“Artists see the world differently,” said Nancy Gullickson, former Executive Director of the Gwinnett Council for the Arts, at a fine arts competition award ceremony held in her honor.
The Nancy Gullickson Fine Arts Competition was held with the purpose of “foster[ing] the love of arts within the community and [especially] with young people” according to Carolyn Wright, who co-chairs the Arts Community Service program along with Janet Hecht from The Lawrenceville Woman’s Club (LWC).
Both the LWC and the LONA Foundation collaborated to put on the competition held at Central Gwinnett High School in Lawrenceville. The LONA Foundation is a registered 501©3 non-profit whose mission is to foster the arts within the community.
Now in retirement, Gullickson’s career was largely dedicated to the arts in Gwinnett. She received a Bachelor of Fine Arts from the Mississippi University for and later joined the Lawrenceville Woman’s Club, where she founded the Gwinnett Center for the Arts and served as the Executive for ten years. She held the same title with the Hudgens Center and went on to serve on the board for organizations, including the Gwinnett Convention and Visitors Bureau, Gwinnett Heart Association and the Lawrenceville Downtown Development Authority.
In light of Gullickson’s work to promote all the arts, the competition featured three fine arts categories — Creative Writing, Photography Visual Arts. The entries were due by Jan. 31 and were reviewed by local art professionals, appointed as judges.
The first, second and third place winners for each category received cash prizes, and all 25 participants were recognized with certificates at an awards ceremony held in the school’s cafeteria on Feb. 26 at 6:30 p.m.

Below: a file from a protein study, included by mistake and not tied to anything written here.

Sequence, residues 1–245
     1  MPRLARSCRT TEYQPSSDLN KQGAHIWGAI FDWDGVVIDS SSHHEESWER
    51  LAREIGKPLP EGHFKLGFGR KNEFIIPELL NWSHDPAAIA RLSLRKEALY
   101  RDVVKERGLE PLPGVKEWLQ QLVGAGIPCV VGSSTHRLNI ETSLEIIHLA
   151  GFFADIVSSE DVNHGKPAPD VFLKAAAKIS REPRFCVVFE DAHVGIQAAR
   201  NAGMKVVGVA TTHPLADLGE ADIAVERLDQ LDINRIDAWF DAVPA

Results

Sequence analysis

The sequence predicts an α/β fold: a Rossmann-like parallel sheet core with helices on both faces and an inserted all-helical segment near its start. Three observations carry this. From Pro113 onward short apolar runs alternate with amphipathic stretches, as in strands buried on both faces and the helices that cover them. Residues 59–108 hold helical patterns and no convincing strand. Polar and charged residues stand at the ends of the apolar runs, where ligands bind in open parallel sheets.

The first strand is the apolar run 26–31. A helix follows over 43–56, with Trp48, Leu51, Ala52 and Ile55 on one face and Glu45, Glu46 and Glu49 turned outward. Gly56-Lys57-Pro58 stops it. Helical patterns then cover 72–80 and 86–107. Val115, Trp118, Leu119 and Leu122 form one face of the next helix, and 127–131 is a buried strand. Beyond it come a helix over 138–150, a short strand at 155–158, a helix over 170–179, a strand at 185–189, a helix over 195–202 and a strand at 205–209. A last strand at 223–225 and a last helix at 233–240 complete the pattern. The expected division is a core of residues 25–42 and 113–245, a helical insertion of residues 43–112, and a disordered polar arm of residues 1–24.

A registered 501©3, the Lawrenceville Woman’s Club (LWC) is a volunteer organization with 49 years of service dedicated to creating positive change in the community. Hoping to create a signature event, the LWC’s Arts Community Service program partnered with the LONA Foundation and approached Central's Fine Arts Academy Coordinator, Megan Rose-Houchins with the idea of a fine arts competition.
Many of the of the participants said they felt energized to further harness their craft. Farid Momodu, a junior, won the $250 first place cash prize for Creative Writing and said the competition was just the of what he hopes will be a life-long writing career.
“There were a lot of strong,” Momodu said. “I wasn’t sure I would win, but I’m glad I did. This is nice.”
“Even though I didn’t win, it felt good,” Hairston said. “This is the first time getting I wrote out there. I’d definitely do it again!”
JRenee Wason opened the awards ceremony with a lyrically-delivered spoken word performance. Of the work she judged, Wason said, “I was impressed by the caliber of the students’ writing – such great expression. Many were deep, true stories. Some people complain about children only caring about social media [etc.], but the kids really took their time to write deeply, .”
“Knowing that the Arts are too intellectual development and a better quality of life, we wanted to be a part of bringing these to those who might not have access otherwise,” Culberson said.
Now living on a lake-front home in Gainesville, Nancy Gullickson said, “Even if they pursue another career having the arts in their makes such a difference. Artists see the world differently, the way the sun touches on the water, the way the moon lights the night’s sky — I notice that a lot now living on the Lake.”
The LWC plans to hold at least one arts competition each year, and while they hope to keep it local, they may expand to include other schools in the Lawrenceville area. For more information about the Lawrenceville Woman’s Club, visit www.lawrencevillewomansclub.org.